General medical burden in bipolar disorder: findings from the LiTMUS comparative effectiveness trial.

Published

Journal Article

OBJECTIVE: This study examined general medical illnesses and their association with clinical features of bipolar disorder. METHOD: Data were cross-sectional and derived from the Lithium Treatment - Moderate Dose Use Study (LiTMUS), which randomized symptomatic adults (n = 264 with available medical comorbidity scores) with bipolar disorder to moderate doses of lithium plus optimized treatment (OPT) or to OPT alone. Clinically significant high and low medical comorbidity burden were defined as a Cumulative Illness Rating Scale (CIRS) score ≥4 and <4 respectively. RESULTS: The baseline prevalence of significant medical comorbidity was 53% (n = 139). Patients with high medical burden were more likely to present in a major depressive episode (P = .04), meet criteria for obsessive-compulsive disorder (P = .02), and experience a greater number of lifetime mood episodes (P = 0.02). They were also more likely to be prescribed a greater number of psychotropic medications (P = .002). Sixty-nine per cent of the sample was overweight or obese as defined by body mass index (BMI), with African Americans representing the racial group with the highest proportion of stage II obesity (BMI ≥35; 31%, n = 14). CONCLUSION: The burden of comorbid medical illnesses was high in this generalizable sample of treatment-seeking patients and appears associated with worsened course of illness and psychotropic medication patterns.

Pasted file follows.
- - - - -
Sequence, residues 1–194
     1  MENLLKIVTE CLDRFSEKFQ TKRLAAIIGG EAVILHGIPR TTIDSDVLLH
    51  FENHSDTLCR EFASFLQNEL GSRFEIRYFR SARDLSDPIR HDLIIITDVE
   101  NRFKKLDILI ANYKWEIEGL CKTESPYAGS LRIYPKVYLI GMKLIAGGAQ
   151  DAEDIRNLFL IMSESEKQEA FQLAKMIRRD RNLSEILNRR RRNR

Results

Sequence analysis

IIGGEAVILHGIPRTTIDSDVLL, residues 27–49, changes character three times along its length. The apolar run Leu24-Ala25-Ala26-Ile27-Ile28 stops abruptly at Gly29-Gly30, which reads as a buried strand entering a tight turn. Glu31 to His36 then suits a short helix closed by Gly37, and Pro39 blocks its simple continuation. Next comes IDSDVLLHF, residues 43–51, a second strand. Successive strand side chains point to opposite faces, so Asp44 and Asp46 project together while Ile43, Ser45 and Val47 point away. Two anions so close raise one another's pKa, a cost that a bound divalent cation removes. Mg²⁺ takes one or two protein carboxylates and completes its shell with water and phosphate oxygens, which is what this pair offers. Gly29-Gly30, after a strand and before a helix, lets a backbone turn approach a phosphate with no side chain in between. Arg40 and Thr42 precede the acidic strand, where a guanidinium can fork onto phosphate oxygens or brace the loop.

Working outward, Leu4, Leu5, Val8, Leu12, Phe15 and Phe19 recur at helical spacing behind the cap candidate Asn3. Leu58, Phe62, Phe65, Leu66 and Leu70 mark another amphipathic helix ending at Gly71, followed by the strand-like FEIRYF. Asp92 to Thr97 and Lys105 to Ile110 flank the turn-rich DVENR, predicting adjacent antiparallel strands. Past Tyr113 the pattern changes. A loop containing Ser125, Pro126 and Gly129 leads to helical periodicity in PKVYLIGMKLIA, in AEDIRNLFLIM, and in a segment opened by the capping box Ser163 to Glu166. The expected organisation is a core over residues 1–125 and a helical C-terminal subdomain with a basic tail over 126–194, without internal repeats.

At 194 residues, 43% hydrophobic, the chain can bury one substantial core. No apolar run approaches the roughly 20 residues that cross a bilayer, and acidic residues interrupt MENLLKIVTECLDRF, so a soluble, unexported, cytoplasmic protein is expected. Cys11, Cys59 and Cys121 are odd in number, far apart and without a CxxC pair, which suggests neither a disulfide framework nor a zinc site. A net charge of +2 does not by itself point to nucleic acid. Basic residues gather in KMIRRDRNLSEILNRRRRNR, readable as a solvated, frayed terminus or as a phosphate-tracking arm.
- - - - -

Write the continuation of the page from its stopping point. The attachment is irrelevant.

Full Text

Duke Authors

Cited Authors

  • Kemp, DE; Sylvia, LG; Calabrese, JR; Nierenberg, AA; Thase, ME; Reilly-Harrington, NA; Ostacher, MJ; Leon, AC; Ketter, TA; Friedman, ES; Bowden, CL; Rabideau, DJ; Pencina, M; Iosifescu, DV; LiTMUS Study Group,

Published Date

  • January 2014

Published In

Volume / Issue

  • 129 / 1

Start / End Page

  • 24 - 34

PubMed ID

  • 23465084

Pubmed Central ID

  • 23465084

Electronic International Standard Serial Number (EISSN)

  • 1600-0447

Digital Object Identifier (DOI)

  • 10.1111/acps.12101

Language

  • eng

Conference Location

  • United States